from Bill Still
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Donald Trump gave a 90-minute interview on Thursday to two senior Washington Post reporters, telling them that the United States could face a massive recession, but implied that there was another path – one where the U.S. could pay off its national debt in 8 years.
We’ll deal first with the “massive recession” part in this report, and the “paying off the National Debt” part in or next report.
Trump said the U.S. faces a looming stock bubble — puffed up by years of unprecedented Quantative Easing – that could burst and send the economy into a “very massive recession.”
Therefore, he warned:
“It’s a terrible time [to invest in the stock market] right now.”
The interview was conducted by Bob Woodward and Robert Costa. The headline for that story was perfectly fair:
“Trump predicts a ‘massive recession’ but intends to eliminate the national debt in 8 years.”
However, in an entirely separate story reinterpreting the Woodward & Costa story, the Post story ridiculed Trump:
“The bizarre optimism in Donald Trump’s theory of the economy”
The bizarre version of the story, written by Jim Tankersley and published by the Post yesterday, leads off as follows:
“There is a theory on the fringes of economics and finance that the United States is riding another bubble, which is about to burst and plunge the economy into a deep recession. It is not a housing bubble, like the one that triggered the last recession, but a stock bubble, puffed up by years of monetary easing from the Federal Reserve. Few professional economic forecasters subscribe to that theory….”
Well, I’m here to tell you that – for the umptheenth time – Donald Trump was right on both points – the national debt, and the bubble.
Let’s start with the bubble.
Mr. Tankersley calls the stock market bubble theory a fringe theory that few professional economic forecasters believe, but offers not a single source to support this specious claim.
Mr. Tankersley doesn’t know enough about economic matters to have consulted with any sources, much less the leading source of all sources on this bubble worldwide – the BIS, the Bank for International Settlements in Basel, Switzerland – also known as the bank of central banks.
Three years ago, in 2013, in an attempt to get the Fed to stop with the QE nonsense, BIS General Manager Jaime Caruana sounded the alarm at a speech in Switzerland:
“… easy financial conditions can only do so much…. more stimulus cannot revive productivity growth…. Adding more debt will not strengthen the financial sector nor will it reallocate resources needed to return economies to … real growth.”
And here is the official graph of the M2 money supply from the Federal Reserve Bank of St Louis. In other words, the U.S. money hasn’t slowed down one bit since Mr. Caruana gave that speech. We’ll get to how this can happen later; suffice it to say that according to the Fed’s own numbers, it continues.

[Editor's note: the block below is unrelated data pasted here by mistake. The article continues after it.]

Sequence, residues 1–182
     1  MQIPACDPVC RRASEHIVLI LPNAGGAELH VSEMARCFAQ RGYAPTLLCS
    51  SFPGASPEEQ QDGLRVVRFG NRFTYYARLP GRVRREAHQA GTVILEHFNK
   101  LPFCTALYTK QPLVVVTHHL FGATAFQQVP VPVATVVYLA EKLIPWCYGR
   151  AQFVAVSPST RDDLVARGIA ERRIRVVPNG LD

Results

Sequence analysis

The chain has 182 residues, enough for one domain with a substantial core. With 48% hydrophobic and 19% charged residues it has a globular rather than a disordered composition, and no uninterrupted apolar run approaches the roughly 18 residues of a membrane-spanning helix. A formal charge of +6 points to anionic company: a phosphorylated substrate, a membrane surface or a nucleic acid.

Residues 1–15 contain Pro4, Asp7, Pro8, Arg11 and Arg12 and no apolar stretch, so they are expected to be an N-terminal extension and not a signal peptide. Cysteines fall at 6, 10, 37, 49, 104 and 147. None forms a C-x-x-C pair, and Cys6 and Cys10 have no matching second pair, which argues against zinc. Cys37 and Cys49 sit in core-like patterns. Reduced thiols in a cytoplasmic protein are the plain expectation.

Why? Because our economy is just like a heroin junky. It is hooked on debt – and not only debt – but ever-growing debt.
And that’s the secret of the current economic system we have allowed ourselves to become ensnared in – the debt money system.
Now the bad guys in this scandal may be able to keep this debt growing for – who knows – a month – another year. I don’t know and they don’t know. We are well into uncharted economic territory here.
[insert World Debt-GDP]
Here’s a chart from the International Monetary Fund, known as the IMF, which illustrates which nations are in trouble with their national debts. The nations in dark red are the worst ones – the ones who have more national debt than their gross domestic product. In other words nations with a debt-to-GDP ration of 100% or more.
Notice, that among the handful of the worst debtor nations are, the U.S., Ireland, Portugal, Greece and Japan. Again, these are the nations with a GDP-to-debt ratio higher than 100%.
According to the IMF – the International Monetary Fund – a Debt-to-GDP ratio of over 80% is a drag on economies; over 90% is officially dubbed by the IMF as unsustainable.
So, the U.S. economy – on its present course – is on a hyper-unsustainable course.
Now, if you look down to Argentina, you would think, their economy is horrible; how can they have a low debt-to-GDP ratio. That’s because they recently declared national bankruptcy – same thing for Russia.What does that mean? It means that they were so choked by debt that they couldn’t even pay the interest on their debt. Who do they pay the interest to? Mostly to the big international banks.
In fact, the big banks don’t really care if nations ever repay the principle; they only want the interest. They just want to keep these nations enslaved in debt.